I am taking Literature, Divinity, Geography and Fine Art (LDG/A) and the Uganda Advanced Certificate of Education exams are just a few months away.
My friends scare me that I am not likely to get a course at university just because I do not take Economics. What should I do with my already created problem? Do I qualify for any degree programme at university?
BEFORE you believe your friends, you need to think about your career interests. You seem to focus more on subject combination without any consideration for your abilities and interests.
By making subject choice at Aâ€™ level you are already sowing the first seeds that will sprout into a life long career. The choice of subjects must, therefore, be done with serious thought and planning.
You need to seek the right information from the right sources.
Your friends are not career counsellors and they also need information just like you.
Economics is a subject like any other and it is not used as a yardstick while short-listing applicants for university admission.
These are myths that students have invented and using them to make career decisions is misleading.
Every programme has its own specific subject requirements. The Joint Admission Board (JAB) admits students on the basis of programme requirements guided by the subject weighing criteria.
Although Economics is a relevant and essential requirement in most art and science-based programmes, it is not a compulsory requirement for university admission. There are many students who have been admitted without Economics.
You should note that subject combination is essential in opening doors for university admission, but it is not the main deciding factor in career choice. Your interests, abilities and talents are the most critical determining factors in choosing a degree programme.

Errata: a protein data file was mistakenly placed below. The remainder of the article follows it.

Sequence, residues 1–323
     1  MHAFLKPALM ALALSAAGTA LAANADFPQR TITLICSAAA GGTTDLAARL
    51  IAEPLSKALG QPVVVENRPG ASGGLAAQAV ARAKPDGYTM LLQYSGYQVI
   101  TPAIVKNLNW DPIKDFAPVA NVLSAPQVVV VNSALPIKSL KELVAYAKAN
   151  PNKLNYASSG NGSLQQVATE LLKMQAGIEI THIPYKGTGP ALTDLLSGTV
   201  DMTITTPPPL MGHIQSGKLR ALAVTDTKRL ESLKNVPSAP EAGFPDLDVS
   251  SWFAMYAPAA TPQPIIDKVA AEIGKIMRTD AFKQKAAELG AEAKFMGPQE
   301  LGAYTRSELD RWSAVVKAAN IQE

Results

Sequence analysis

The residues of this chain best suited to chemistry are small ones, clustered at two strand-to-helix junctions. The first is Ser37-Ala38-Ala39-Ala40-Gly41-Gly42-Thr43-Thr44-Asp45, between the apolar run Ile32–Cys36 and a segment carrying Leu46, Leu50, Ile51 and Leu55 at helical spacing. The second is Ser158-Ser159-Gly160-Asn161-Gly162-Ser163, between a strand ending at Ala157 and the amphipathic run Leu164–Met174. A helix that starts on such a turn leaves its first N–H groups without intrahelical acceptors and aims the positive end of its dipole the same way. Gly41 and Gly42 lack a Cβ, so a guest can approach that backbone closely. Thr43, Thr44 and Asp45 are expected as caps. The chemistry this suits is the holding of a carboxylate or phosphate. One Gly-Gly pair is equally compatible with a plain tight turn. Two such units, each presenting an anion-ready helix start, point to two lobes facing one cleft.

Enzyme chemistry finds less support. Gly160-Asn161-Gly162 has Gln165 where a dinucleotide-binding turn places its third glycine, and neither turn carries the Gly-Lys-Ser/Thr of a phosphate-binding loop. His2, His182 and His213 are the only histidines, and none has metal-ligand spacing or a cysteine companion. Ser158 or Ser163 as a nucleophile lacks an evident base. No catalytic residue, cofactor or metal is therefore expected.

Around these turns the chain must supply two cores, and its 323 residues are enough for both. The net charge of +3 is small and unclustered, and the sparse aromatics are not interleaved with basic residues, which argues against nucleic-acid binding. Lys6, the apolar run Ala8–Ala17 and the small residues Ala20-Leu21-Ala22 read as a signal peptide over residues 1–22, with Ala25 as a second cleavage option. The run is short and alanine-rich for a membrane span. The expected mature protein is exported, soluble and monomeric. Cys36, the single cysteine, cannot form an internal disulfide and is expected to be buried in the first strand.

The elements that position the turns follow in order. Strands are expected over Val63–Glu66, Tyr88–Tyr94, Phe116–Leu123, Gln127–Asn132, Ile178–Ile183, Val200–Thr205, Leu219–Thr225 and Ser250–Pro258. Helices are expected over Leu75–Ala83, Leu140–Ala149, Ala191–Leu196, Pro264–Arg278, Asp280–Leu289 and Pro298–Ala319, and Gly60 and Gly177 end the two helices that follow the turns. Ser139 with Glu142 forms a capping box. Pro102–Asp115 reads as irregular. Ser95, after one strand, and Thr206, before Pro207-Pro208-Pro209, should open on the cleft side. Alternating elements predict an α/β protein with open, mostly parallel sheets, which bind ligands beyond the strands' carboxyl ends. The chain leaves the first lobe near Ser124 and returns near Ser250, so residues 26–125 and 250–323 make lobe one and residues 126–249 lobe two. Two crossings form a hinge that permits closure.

Your subject combination qualifies you for a range of degree programmes in different faculties. Letâ€™s explore some of them:
Makerere University Business School:
Human Resource Management, International Business, Leisure and Hospitality, Entrepreneurship and Small Business Management, Business Computing and Business Information Management.
Faculty of Social Sciences:
Social Sciences, Social Work and Social Administration.
Institute of Psychology:
Community Psychology, Industrial and Organisational Psychology
Faculty and Computing:
Bachelor of Information Technology
Faculty of Arts:
Mass Communication, Tourism, Environmental Management, Development Studies, Secretarial studies, Dance and Drama.
You should also note that career success does not entirely depend on the subjects you have studied, but on your abilities and attitude. Your attitude determines how far you go.
Your description of the subject combination as a â€˜created problemâ€™ reflects an attitude that might close your career doors in future. Since you have already chosen your subject combination, make the best out of it.
Compiled by Jamesa Wagwau
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